see. Yes, he had graduated and I had too. I was still taking work I went from
when I got out of high school I went to Stephens College and mother was ill that
year so I couldn't stay the whole year so I came on home and then I transferred
to the University of Colorado. And was there until I took I was there another year
I was president of my sorority president (laughter)

E.R: What sorority was that?

R: Alpha Chi Omega and I was president of

E.R: And you were majoring in music?

R: Yes and the women's chorus I don't know why I felt it my lot to be president I
never thought of myself as being a leader but I get that job. And so
then I, my father felt though there was a little bit too much perhaps social work
too much social life at the university and he wanted me to get into a conservatory
where would really get down to business in music.

E.R: So this was voice?

R: And I played the piano. So they considered Cincinnati Conservatory of Music
and my girlfriend who was very close, we are going to visit them in Colorado this
summer, but she and I had gone to Stephan and the university together and we
both decided to go to Cincinnati together. She was an organist and so Ruth was
her name or Ruth Galbraith at that time later married a doctor. But, so we went
to Cincinnati and that was where I was graduated from. Well one of the
summers let's see when was that I met Wayne. We were close friends the bride
in this wedding was the daughter of my high school principal. She had been a
life-long friend so she asked me if I would be her bridesmaid and Wayne was a
friend of the groom and was really, and this is funny because he was really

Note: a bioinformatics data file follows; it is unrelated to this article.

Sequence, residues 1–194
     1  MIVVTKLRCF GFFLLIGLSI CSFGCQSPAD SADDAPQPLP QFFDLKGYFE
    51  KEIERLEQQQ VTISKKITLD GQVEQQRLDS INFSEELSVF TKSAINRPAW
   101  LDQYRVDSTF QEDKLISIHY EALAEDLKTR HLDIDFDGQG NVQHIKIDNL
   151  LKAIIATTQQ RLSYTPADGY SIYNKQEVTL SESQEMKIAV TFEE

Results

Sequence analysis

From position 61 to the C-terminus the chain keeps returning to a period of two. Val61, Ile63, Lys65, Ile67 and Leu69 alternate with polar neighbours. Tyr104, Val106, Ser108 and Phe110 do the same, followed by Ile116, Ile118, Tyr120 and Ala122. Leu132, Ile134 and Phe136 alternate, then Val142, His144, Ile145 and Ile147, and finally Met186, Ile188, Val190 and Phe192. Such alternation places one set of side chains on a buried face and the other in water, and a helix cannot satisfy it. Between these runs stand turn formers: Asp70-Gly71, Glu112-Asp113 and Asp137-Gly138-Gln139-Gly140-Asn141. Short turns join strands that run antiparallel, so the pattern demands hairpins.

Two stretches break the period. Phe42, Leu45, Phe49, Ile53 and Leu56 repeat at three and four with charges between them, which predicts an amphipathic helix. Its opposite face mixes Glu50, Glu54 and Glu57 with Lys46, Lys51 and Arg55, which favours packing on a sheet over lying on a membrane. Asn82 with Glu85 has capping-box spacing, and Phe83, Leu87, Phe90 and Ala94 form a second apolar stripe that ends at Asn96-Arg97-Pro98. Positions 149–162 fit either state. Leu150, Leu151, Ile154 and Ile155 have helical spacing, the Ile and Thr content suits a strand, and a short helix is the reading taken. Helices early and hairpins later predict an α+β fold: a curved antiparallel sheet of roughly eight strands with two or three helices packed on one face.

second choice, the thing was that the best man was a fraternity brother of Bob
and he was going to bat as best man so he became ill the last week before the
wedding and Bob was frantic and he knew Wayne Reitz with whom he had

worked in student government and so forth at the university. They were not in
the same fraternity and he knew he was in the area so he, you didn't just pick up
this was the time of...

E.R: The depression. What year would that have been?

R: It was in about 1930.

E.R: Well that was the Great Depression.

R: Yes, I couldn't think of it. I was thinking of recession. The depression so you
didn't just pick up the telephone and call people in those days because you didn't
have the money you know (laughter). He wrote to him and said he needed a
good man for that weekend, could he come to Colorado Springs? The were
going to be married in Colorado Springs because Dorothy's father, the high
school principal, was taking graduate work at the university and he didn't want to
have to go back and open their home so they had a minister friend, a very fine
Baptist minister, in Colorado Springs who said well why don't you come and have
the wedding here? We'll have it on a Sunday after church and we'll have it in our
home. So that was it. Bob asked Wayne if he could come and Wayne wrote
back and said he was sorry he couldn't come because his aunt was coming from
Kansas and he promised to take her to Royal Gorge that early morning and on
that Sunday and he just couldn't come.

E.R: Take her to the Gorge?

R: Royal Gorge. It is beautiful scenic place out of Canyon City. So Bob then was
more frantic than ever. He read and he said I don't need a good man I
need a best man and you have to come. And so Wayne took his aunt about four
o'clock and he got there about six, then rushed to Colorado Springs, went to the
Sigma Chi house, borrowed a suit. Well he had asked one of the boys there
whom he knew if he had a suit because Wayne just had, oh Wayne was working
in Barberry that summer. It was a summer job in the area. So he had
to (laughter) borrow a suit that he could wear. He had asked for, I don't know,
what was it, probably a navy blue, but somebody else came and got the suit and